It was a credo that Young adopted for the album, recruiting a revolving cast of musicians, often playing instruments they were unfamiliar with, and insisted on using takes that were far from polished.

Kershaw also introduced the players to a concoction of honey and sautéed marijuana called honey slides. It was consumed by the spoonful and in the words of Young’s manager Elliot Roberts was “much worse than heroin…within ten minutes you were catatonic.”


The album’s opener, 'Walk On', betrays none of this, as it was recorded at a separate session before Kershaw’s intervention. It carries a deceptively jaunty arrangement for a song of score-settling by Young, who had his critics squarely in his sights - “They do their thing, I do mine.”


He follows it with 'See the Sky About to Rain', a retread of a Harvest-era song that is introduced by, and further punctuated with, Young’s beautiful Wurlitzer playing and anchored by Levon Helm’s restrained drumming. It's a delicate song that Young embraces with a vocal caress. It also marks the point where the album takes a sharp detour to a darker place.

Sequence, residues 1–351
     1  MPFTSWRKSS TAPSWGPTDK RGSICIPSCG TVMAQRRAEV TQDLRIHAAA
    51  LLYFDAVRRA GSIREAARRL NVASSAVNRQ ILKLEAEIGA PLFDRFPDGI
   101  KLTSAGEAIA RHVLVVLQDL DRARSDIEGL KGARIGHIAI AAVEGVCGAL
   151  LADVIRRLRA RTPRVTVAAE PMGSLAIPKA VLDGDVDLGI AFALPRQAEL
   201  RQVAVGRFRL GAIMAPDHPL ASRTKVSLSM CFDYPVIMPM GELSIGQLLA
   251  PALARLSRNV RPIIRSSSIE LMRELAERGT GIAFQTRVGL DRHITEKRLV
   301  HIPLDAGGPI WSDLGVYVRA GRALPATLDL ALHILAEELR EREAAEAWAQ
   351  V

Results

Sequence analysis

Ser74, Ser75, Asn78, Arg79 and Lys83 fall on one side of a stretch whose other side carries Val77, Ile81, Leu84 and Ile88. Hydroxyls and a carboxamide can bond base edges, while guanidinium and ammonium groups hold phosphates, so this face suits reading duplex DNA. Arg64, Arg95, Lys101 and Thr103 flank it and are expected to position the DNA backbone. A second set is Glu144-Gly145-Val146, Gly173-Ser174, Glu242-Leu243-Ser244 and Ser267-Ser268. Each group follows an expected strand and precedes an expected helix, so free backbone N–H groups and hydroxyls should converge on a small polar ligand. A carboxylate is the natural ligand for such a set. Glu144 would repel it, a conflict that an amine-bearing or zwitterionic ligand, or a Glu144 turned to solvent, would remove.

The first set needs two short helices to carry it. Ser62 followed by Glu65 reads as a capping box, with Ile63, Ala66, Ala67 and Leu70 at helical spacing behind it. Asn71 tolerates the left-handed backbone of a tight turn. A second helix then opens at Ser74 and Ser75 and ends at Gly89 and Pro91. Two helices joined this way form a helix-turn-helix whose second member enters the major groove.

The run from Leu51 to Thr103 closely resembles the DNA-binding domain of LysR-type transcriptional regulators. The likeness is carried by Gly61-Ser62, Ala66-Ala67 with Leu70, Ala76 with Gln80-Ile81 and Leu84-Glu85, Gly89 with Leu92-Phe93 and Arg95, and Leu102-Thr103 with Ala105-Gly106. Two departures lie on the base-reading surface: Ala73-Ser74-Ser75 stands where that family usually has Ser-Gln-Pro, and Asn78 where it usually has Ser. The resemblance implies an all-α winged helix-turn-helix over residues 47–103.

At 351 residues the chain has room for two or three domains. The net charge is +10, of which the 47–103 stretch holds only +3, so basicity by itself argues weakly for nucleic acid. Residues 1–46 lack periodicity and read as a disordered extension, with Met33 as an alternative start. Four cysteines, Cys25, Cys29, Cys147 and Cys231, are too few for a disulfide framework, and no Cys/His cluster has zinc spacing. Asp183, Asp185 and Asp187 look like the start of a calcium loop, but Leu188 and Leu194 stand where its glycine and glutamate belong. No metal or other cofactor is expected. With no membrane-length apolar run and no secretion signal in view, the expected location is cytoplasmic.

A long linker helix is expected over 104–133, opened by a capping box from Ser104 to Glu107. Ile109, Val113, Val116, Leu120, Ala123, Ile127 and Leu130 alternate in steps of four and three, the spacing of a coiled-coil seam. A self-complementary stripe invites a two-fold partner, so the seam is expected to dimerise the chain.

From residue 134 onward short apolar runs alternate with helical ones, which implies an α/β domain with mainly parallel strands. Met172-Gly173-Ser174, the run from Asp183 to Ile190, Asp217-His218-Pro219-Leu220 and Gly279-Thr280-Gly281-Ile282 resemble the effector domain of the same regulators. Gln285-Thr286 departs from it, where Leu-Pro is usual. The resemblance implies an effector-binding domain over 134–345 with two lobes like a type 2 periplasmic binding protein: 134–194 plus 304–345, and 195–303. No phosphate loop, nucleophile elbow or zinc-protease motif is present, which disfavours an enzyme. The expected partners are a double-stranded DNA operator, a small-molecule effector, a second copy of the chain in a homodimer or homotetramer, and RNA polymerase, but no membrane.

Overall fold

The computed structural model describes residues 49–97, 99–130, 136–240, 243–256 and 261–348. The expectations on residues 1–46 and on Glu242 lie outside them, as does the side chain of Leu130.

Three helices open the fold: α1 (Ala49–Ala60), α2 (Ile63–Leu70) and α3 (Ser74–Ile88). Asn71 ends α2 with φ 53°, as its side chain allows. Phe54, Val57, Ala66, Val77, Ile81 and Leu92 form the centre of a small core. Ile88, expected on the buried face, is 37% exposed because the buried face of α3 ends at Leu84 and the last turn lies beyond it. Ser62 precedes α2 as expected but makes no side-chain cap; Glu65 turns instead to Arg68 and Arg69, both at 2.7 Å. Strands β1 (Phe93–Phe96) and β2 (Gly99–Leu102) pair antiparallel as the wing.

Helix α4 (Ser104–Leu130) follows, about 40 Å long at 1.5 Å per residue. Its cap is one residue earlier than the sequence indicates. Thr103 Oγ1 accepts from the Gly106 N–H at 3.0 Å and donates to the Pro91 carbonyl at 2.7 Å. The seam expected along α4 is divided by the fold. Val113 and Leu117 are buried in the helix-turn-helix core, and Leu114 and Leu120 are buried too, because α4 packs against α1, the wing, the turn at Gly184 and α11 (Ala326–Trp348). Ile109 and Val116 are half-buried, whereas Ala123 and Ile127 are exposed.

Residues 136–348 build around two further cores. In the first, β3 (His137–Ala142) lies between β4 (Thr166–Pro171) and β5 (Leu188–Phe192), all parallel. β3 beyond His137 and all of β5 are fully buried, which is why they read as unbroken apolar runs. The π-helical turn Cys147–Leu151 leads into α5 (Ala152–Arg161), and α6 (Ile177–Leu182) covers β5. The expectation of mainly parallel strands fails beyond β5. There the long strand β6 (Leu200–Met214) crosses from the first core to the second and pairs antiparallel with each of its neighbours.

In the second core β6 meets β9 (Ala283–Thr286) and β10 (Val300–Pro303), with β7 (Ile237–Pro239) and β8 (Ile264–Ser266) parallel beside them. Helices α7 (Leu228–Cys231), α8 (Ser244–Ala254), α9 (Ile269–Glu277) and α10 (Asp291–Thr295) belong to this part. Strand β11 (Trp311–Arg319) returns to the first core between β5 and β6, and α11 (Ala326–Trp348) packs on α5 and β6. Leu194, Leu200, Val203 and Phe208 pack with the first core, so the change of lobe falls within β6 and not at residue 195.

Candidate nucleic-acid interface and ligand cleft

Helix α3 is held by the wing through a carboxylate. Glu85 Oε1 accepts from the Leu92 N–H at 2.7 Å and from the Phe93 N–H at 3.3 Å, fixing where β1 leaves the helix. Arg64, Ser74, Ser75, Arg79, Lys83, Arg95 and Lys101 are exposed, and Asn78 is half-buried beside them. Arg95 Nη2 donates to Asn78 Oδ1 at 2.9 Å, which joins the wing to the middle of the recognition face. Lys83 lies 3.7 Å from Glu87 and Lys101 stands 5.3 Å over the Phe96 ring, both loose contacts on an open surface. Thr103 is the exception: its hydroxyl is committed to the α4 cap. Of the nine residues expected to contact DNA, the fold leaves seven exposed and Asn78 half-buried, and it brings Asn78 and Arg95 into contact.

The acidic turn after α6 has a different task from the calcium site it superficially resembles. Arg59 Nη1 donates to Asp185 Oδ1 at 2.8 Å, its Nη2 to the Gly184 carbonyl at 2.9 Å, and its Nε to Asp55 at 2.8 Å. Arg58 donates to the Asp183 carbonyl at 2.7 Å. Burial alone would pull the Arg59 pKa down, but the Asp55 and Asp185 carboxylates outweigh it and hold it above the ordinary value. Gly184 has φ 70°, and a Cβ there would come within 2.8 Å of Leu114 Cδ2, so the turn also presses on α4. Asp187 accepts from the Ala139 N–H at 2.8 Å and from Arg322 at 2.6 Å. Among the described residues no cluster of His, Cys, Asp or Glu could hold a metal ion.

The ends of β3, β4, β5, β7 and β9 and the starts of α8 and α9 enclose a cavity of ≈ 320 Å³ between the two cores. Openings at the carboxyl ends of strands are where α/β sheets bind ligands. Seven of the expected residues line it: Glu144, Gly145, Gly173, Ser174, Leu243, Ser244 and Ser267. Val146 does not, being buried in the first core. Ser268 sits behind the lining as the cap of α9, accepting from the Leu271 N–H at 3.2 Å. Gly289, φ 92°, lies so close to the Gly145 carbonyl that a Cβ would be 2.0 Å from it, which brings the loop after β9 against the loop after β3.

'Revolution Blues', a track that David Crosby appears on but would subsequently refuse to perform live, griping that “that stuff is not funny” is a goodbye to the corrupted Californian hippy culture. It is a cockeyed reflection on the broken and monstrous Charles Manson’s message to the world, that the twins of creativity and pain are inexorably linked. Young points out that they are divided by an uncomfortably fine line. (Young had met Manson, admired his songwriting, tried to introduce him to music executives and just thought musically that he was a bit “out there”.) He lays it all down with the infectious rhythm section of The Band's Rick Danko and Levon Helm, who were no strangers to making music fueled by conspicuous consumption of mood-altering substances.